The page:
Thanks, Jan for the pic… were you on a little boat, that’s what it looks like?


    • Dear Ted,

      No I haven’t read her plays. I might have to add them to my bucket list of good reads, though. I learned a lot in research for this little vignette. Glad you liked it.

      Jan says to tell you that he took the picture from a bigger boat, ie a ferry.




  • Rochelle I really think you have cornered the market in this genre you have, where a touching/emotionally tugging tale then ‘re-enacts’ a historical happening one truly wishes one knew about. Part fact, part fiction, your tales are always beautifully personified,and always come from an interesting angle.


  • I just posted/reblogged my 9/11 ‘memorial’ post from last year that tells about mine and Wayne’s trip to New York and other states in the northeast in 1998 when we saw the Statue of Liberty, Ellis Island and all those wonderful places there and took our photos of the World Trade Center’s twin towers. Who would have ever thought possible the events and tragedy after that? I have been recently posting chapters of my genealogy story/novel, The Informant’s Agenda (renamed) that deals with the character’s travels to Ukraine and Moldova. After 25-30 chapters, I still do some revising and re-editing on it. How is yours going, Rochelle that you wrote and did a sequel to?


    • Dear Joyce,

      Christian and I went to Ellis Island in 1999. My favorite part of it was standing in the Great Hall imagining my grandfather as one of the many Eastern European immigrants on one of the long benches.

      I have to admit I was blissfully unaware of the twin towers on that trip and it’s unsettling to look at pictures I took from the ferry and see them in the background.

      Still no takers on publishing PLEASE SAY KADDISH FOR ME. I’m in the fourth part of the second FROM SILT AND ASHES as far as editing goes.

      Thanks for dropping by. Nice to touch base.




    • Dear Tom,

      Nothing thrills me more than research and learning something new, particularly when it comes to history. Thank you for the glowing compliment. I’ll shrink my head and get back to work now.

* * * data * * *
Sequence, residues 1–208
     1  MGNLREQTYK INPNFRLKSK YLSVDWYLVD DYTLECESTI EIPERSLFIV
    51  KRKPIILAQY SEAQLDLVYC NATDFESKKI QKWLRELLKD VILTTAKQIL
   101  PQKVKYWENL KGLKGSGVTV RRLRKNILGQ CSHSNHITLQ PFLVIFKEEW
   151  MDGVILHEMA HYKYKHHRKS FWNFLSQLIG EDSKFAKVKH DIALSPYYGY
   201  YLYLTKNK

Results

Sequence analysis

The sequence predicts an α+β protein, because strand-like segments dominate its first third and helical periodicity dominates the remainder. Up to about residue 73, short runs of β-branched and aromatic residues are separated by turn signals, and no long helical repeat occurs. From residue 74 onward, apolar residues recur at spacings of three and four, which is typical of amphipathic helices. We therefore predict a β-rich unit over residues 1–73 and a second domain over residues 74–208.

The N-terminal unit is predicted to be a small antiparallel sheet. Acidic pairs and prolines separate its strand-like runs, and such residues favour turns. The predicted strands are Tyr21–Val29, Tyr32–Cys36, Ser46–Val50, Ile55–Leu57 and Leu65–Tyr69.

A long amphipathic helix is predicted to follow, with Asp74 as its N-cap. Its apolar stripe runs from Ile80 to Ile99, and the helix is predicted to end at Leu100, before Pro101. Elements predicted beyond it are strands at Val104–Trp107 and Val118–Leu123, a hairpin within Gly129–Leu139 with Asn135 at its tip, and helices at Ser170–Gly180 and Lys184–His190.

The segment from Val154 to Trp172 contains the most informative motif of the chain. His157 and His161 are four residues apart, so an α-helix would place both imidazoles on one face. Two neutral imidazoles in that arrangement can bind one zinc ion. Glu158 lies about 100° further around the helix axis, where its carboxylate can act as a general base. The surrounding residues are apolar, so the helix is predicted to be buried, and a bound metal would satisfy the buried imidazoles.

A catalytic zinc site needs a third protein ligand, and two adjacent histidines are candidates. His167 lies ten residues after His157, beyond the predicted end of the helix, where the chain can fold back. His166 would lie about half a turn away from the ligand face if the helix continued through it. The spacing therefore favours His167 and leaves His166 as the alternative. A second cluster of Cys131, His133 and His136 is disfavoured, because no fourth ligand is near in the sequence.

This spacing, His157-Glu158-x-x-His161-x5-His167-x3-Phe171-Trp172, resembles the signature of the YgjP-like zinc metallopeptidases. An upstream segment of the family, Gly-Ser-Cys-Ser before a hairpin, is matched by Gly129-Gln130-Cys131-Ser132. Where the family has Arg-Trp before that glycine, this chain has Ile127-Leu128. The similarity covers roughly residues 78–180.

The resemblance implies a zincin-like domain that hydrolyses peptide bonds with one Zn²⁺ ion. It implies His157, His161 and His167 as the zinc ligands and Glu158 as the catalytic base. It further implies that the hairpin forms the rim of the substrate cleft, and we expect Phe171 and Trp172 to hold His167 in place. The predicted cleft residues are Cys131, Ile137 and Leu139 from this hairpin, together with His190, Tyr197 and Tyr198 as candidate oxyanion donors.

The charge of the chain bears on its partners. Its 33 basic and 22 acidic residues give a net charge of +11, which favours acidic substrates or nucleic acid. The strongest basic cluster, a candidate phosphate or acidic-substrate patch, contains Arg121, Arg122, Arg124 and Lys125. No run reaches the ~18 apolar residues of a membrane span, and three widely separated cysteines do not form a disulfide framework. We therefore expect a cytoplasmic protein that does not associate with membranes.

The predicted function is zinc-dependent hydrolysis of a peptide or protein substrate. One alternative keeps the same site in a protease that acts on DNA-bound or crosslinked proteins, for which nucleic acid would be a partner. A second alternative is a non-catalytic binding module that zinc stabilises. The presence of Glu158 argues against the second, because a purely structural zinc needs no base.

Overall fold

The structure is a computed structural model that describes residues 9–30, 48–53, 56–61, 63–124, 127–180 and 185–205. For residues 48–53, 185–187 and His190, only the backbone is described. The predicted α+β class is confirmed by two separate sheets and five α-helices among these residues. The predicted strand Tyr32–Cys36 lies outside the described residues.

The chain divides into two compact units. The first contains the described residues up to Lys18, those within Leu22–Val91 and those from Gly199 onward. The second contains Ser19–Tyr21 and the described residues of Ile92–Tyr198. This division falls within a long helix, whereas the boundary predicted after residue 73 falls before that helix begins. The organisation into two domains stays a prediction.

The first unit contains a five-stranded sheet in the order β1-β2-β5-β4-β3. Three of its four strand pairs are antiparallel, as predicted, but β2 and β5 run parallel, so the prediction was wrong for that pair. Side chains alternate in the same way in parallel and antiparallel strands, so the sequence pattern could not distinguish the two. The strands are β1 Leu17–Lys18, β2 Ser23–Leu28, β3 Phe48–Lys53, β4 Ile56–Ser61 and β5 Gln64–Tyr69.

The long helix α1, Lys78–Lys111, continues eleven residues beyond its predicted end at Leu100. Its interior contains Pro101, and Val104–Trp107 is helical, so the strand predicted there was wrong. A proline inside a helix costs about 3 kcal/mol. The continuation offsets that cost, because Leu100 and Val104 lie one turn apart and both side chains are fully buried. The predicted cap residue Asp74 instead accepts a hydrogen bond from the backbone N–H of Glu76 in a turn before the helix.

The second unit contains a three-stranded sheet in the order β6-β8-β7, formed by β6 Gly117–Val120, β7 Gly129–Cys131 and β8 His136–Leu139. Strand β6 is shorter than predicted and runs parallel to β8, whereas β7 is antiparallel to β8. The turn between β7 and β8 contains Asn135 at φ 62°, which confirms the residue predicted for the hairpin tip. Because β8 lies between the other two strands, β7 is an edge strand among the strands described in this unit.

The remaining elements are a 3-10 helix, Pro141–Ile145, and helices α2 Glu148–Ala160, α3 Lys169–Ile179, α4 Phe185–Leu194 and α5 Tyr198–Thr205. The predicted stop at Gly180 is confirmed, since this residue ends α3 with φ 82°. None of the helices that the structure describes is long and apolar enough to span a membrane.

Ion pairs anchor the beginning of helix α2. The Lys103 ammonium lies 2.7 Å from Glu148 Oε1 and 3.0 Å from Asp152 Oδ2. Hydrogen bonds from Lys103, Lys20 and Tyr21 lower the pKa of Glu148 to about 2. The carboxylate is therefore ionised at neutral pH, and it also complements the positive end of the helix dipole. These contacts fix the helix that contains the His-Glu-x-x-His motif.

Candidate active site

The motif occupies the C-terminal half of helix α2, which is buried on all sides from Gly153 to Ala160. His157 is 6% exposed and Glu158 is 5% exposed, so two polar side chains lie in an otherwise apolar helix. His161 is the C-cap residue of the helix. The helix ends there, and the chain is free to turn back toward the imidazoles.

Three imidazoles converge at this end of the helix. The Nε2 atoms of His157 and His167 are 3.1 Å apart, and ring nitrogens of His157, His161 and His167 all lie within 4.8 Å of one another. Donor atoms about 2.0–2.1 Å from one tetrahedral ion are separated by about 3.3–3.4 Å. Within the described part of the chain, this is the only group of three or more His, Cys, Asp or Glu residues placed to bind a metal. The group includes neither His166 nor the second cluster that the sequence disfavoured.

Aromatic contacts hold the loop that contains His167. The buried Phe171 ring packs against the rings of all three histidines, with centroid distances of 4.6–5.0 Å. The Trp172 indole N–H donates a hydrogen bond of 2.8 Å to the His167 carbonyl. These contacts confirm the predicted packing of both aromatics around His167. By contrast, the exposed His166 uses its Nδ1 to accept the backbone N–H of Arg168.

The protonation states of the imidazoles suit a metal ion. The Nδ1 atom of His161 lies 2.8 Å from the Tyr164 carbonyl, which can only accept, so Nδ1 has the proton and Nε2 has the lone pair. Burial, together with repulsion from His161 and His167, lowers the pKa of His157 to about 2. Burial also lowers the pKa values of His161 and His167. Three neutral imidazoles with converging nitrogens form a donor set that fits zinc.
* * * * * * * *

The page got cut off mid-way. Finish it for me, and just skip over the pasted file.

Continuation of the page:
• Dear Joe,

      I can’t imagine the challenges my grandparents faced. We used to laugh at Grandpa’s thick accent and never stopped to think. I wish I’d known him better, but he wasn’t the kind one could get close to. I do know that he came over to escape the Russian draft and was a self-taught, successful tailor.

      Thanks for dropping by and commenting.




    • Dear Björn,

      Your comment makes me happy. I think if I had it to do over again, I might go back to school and earn a teaching degree. This is the next best thing, or possibly the best thing to research and share as I learn.

      Thank you for coming by.




    • Dear Draliman,

      You are ahead of of most Americans in respect to the poem. I only knew the last few lines myself. I knew it was written by Emma Lazarus, but knew little about the person. Glad you liked my story.




  • Fantastic. The very people who built this country experienced something like this in the beginning. In the end, they triumphed. It’s good that you remind us of our roots. Outstanding, Rochelle!


  • At one point because of the languages spoken at home my mother-in-law was often used as an interpreter for new students – as a student herself. As a child she spoke and understood about three or four different languages. Your writing is a tribute to all who have come to, help create and visit the freedom that exists here.

    Thank you.


  • Yes, it was a turning point for our country after 9/11. I have always loved the story of Emma Lazarus’s and her epic poem. I have books I bought on the Statue of Liberty and Ellis Island when we were there too, and cannot forget how moved I was of the whole trip and experience visiting Battery Park, Ellis Island and Lady Liberty. Stay encouraged about the book. I have tried to look at mine like this: if I only have written for my eyes, it is enough of a happiness and contentment, but as writers we all want to share our stories and hang on to our dreams, and see them fulfilled, so we remain hopeful.


  • Hi Rochelle,
    Loved it. We are a nation of immigrants and we should never forget that. We are a mix of people who at some point got on a boat and started a new life. It must be an emotional moment when you pass that big statue in the harbor and look for the first time on your new home. Ron


    • Dear Ron,

      My grandparents must’ve felt that elation as they passed her. We do take much for granted since we haven’t had to endure those hardships. My worst “hardship” is when my internet goes down. Glad you dropped by and always pleased when someone loves my story.




  • Awesome! Both the story and the poem. I’d never read that poem. Only knew part of it from a game I play (Civilization V – when you create the Statue of Liberty wonder). Don’t laugh lol! They obviously refuse to teach these necessary things in American schools anymore opting for more necessary things like…Auto Mechanics and Wood Shop! lol… (No offense to anyone. I am only joking. In high school, if I could’ve taken Underwater Basket Weaving or Ice Fishing as a class to get out of brain work, I would have! Veteran of Home Economics and Gym, here. 😀 )